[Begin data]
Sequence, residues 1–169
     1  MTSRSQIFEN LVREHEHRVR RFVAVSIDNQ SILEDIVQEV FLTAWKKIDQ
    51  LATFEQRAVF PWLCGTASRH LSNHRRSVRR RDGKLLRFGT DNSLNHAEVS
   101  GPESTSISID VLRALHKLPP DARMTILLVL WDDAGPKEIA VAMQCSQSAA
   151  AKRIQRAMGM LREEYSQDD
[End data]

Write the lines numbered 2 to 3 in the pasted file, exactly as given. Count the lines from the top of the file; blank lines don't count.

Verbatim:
     1  MTSRSQIFEN LVREHEHRVR RFVAVSIDNQ SILEDIVQEV FLTAWKKIDQ
    51  LATFEQRAVF PWLCGTASRH LSNHRRSVRR RDGKLLRFGT DNSLNHAEVS